There were 41 participants (2.27%) with known IFG (fasting blood glucose: 6.1-6.9 mmol/L). Previously unknown (newly diagnosed) IFG was found in 47 participants (2.61%), resulting in a total crude prevalence rate of IFG as high as 4.88% (men: 6.11%, women: 3.78%; P = 0.022). After making corrections, the prevalence rate of IFG in participants aged 20-69 years was set at 4.39% (95% CI, 3.44-5.34) (men: 5.52%; 95% CI, 3.99-7.06; women: 3.33%; 95% CI, 2.18-4.47). When the ADA criterion was used for IFG determination (fasting blood glucose 5.6-6.9 mmol/L), the total crude prevalence rate of IFG was 8.82% (men: 11.28%, women: 6.62%; P < 0.001); corrected total prevalence rate 8.00% (95% CI, 6.74-9.25) (men: 10.27%; 95% CI, 8.23-12.32; women: 5.86%; 95% CI, 4.37-7.36). In this way, the absolute number of participants with IFG in the total Hungarian population aged 20-69 years was established to be 301 936 (WHO criteria) or 549 551 (ADA criteria).

The prevalence rate of diabetes (known and newly diagnosed) increased with age, while that of IFG (known and newly diagnosed) increased up to the 50-59 years age group and declined beyond (Figure 1).

Figure 1
Prevalence rate of diabetes mellitus and impaired fasting glycemia (IFG) in different age groups of participants screened (n = 1803). Open bars – IFG; closed bars – diabetes.

No significant variation in the prevalence of diabetes was observed between the counties (it ranged from 6.90% in Baranya county to 12.28% in Zala county; P = 0.464).

There was a wide variation in the prevalence of IFG (WHO criteria) between the counties (it ranged from 1.75% in Baranya county to 8.94% in Heves county; P = 0.018).

Discussion

Our study showed that the prevalence of diabetes in Hungarian population aged 20-69 years was 7.47% (95% CI, 6.26-8.69) and the prevalence of IFG was 4.39% (95% CI, 3.44-5.34). These rates are higher than previously estimated by Hungarian experts and authorities.

Obviously, the results of a screening procedure depend on the participants selected, the response rate achieved, and the method used. In our study, the size and the structure of the sample population were determined well in advance. The selection followed the epidemiological rules for obtaining a sample of 2006 participants who should be considered representative of a population aged 20-69 years in Hungary. The response rate of 90.7% in our screening procedure was appropriate. Although oral glucose tolerance test with fasting and 2-hour glucose values has been widely used in the clinical practice for detecting glucose intolerance in asymptomatic subjects, an epidemiological survey should be based on fasting blood glucose values only. In addition, the use of confirmatory blood glucose values should not be considered mandatory in epidemiological studies (17). Clearly, by using fasting blood glucose values for screening, participants with impaired glucose tolerance could not be identified.

Classification of diabetes was not performed in this study although it is generally known that the predominant type of diabetes is type 2 (10).

The prevalence rate of diabetes and IFG was greater in men than in women. Our results did not provide explanation for the difference. The age-dependency in the prevalence rate of diabetes in our study corresponds to the results of other investigations (18).

The number of participants with IFG nearly doubled when we used ADA criteria as compared with WHO criteria. Undoubtedly, a pandemic of prediabetes can be created by lowering the diagnostic threshold of IFG from 6.1 to 5.6 mmol/L (19).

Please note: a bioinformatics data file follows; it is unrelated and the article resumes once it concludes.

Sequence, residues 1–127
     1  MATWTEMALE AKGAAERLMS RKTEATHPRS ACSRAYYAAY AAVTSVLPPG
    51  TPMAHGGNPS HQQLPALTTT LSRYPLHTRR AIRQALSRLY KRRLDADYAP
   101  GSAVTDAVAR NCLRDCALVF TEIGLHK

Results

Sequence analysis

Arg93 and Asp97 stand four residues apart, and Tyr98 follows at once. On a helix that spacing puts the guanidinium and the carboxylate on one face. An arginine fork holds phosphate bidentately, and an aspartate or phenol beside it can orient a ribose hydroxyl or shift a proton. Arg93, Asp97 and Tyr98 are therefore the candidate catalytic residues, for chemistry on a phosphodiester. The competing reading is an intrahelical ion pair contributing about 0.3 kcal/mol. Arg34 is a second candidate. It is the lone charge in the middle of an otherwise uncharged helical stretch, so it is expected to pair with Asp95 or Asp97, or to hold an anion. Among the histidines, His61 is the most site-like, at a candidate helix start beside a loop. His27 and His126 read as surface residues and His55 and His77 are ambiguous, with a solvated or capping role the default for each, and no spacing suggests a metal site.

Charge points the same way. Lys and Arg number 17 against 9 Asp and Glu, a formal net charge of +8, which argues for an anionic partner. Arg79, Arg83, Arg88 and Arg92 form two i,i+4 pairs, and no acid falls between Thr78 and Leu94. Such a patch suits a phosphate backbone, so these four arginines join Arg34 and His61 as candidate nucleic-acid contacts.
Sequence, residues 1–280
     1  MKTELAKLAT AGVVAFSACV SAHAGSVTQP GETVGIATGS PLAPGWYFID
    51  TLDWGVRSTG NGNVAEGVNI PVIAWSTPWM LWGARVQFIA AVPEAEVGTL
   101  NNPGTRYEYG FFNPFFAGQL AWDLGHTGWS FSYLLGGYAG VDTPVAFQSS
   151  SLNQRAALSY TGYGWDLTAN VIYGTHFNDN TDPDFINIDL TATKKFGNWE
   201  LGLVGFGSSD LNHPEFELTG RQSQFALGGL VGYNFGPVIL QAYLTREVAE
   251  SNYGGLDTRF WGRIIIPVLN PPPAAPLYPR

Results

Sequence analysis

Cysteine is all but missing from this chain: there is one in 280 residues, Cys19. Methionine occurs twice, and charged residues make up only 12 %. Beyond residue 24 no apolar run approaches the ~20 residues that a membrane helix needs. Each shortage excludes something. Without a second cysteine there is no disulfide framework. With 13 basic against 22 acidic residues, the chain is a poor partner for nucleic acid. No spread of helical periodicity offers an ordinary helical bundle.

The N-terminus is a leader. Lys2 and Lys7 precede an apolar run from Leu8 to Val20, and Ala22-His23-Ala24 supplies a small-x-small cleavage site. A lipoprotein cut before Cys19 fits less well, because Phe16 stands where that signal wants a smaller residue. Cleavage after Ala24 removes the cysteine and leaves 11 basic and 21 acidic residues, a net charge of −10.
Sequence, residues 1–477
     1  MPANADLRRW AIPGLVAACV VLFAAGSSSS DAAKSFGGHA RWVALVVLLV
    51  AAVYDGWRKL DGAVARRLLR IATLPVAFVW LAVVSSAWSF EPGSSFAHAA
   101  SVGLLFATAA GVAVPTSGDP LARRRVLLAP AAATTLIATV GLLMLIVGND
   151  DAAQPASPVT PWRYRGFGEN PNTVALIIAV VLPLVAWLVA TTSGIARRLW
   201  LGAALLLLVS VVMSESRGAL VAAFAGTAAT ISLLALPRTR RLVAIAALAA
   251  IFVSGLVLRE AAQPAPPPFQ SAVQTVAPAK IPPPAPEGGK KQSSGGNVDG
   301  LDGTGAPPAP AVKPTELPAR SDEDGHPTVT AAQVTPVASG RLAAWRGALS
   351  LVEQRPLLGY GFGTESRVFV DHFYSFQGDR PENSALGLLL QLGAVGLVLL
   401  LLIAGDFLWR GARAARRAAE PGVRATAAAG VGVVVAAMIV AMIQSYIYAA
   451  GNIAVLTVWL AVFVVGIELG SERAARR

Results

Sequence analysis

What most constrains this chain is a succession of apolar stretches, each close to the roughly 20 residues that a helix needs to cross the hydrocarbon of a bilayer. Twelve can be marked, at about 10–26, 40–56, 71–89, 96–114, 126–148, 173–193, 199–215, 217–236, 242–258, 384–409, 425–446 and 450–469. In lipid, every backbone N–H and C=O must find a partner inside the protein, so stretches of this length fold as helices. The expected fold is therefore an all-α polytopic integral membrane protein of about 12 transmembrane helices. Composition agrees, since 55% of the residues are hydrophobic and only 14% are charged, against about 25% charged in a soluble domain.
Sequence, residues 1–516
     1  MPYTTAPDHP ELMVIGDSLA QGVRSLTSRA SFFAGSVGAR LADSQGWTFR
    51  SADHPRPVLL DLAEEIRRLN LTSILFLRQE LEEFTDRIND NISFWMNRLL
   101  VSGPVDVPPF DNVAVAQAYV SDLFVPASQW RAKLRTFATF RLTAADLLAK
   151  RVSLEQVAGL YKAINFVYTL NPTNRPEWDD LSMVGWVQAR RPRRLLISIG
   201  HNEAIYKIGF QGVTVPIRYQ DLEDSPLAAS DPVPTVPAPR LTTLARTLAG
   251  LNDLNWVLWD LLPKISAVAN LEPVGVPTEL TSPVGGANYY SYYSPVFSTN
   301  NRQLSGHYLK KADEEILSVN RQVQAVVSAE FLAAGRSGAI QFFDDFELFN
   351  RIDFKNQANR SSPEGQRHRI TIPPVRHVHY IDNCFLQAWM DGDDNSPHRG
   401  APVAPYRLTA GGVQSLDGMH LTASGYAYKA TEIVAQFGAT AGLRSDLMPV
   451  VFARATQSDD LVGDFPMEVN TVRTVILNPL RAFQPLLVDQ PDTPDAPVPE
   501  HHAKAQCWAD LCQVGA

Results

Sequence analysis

In our study, the prevalence of known diabetes was higher than that of the newly diagnosed diabetes (previously unknown). The proportion of undiagnosed persons with diabetes proved to be 0.3 or 0.7 in surveys, depending on the method used (20,21). The low proportion (0.2) of undiagnosed persons with diabetes in our study can partly be explained by the fact that no oral glucose tolerance test was performed.

This survey provided new epidemiological data about diabetes and IFG in Hungary. Although a former study also investigated some epidemiological characteristics of diabetes in Hungary (14), the number of counties involved was smaller, no nation-wide data were provided, IFG was not studied, and the diagnostic criteria for diabetes were based on former diagnostic criteria. In this way, the epidemiology of diabetes and IFG in Hungary was better characterized in the present study.

The results of our study are in accordance with other studies performed recently in Central Europe, despite some differences in the structure of the population and the screening method used. Namely, the prevalence rate of diabetes in Slovakia was 7.0% and the prevalence rate of type 2 diabetes in Croatia was 6.1% (20,21). Similar results have been found recently in southern Poland (22). The prevalence rate of IFG in our study was much lower (4.39%) than that (11.3%) reported in Croatia (20).

Our study has some limitations. Although it was designed as a representative survey, some misrepresentations occurred in the screened population and, therefore, corrections should be made. In addition, no oral glucose tolerance test was performed and, accordingly, it can be assumed that some patients with diabetes could not be identified and participants with impaired glucose tolerance could not be detected. Nevertheless, epidemiological surveys could be based on measuring fasting glucose values only. Strength of our study is the high overall response rate, centrally measured laboratory parameters, and the quality control performed.

Taken altogether, our study provided reliable data about the prevalence of diabetes and IFG in Hungarian population aged 20-69 years. All prevalence rates proved to be higher than previously estimated. The present data may serve as a base for comparative investigations in the future.

Acknowledgments

The study was supported by a grant from the Hungarian Diabetes Association and Ányos Jedlik Foundation (NKFP1-0003/2005).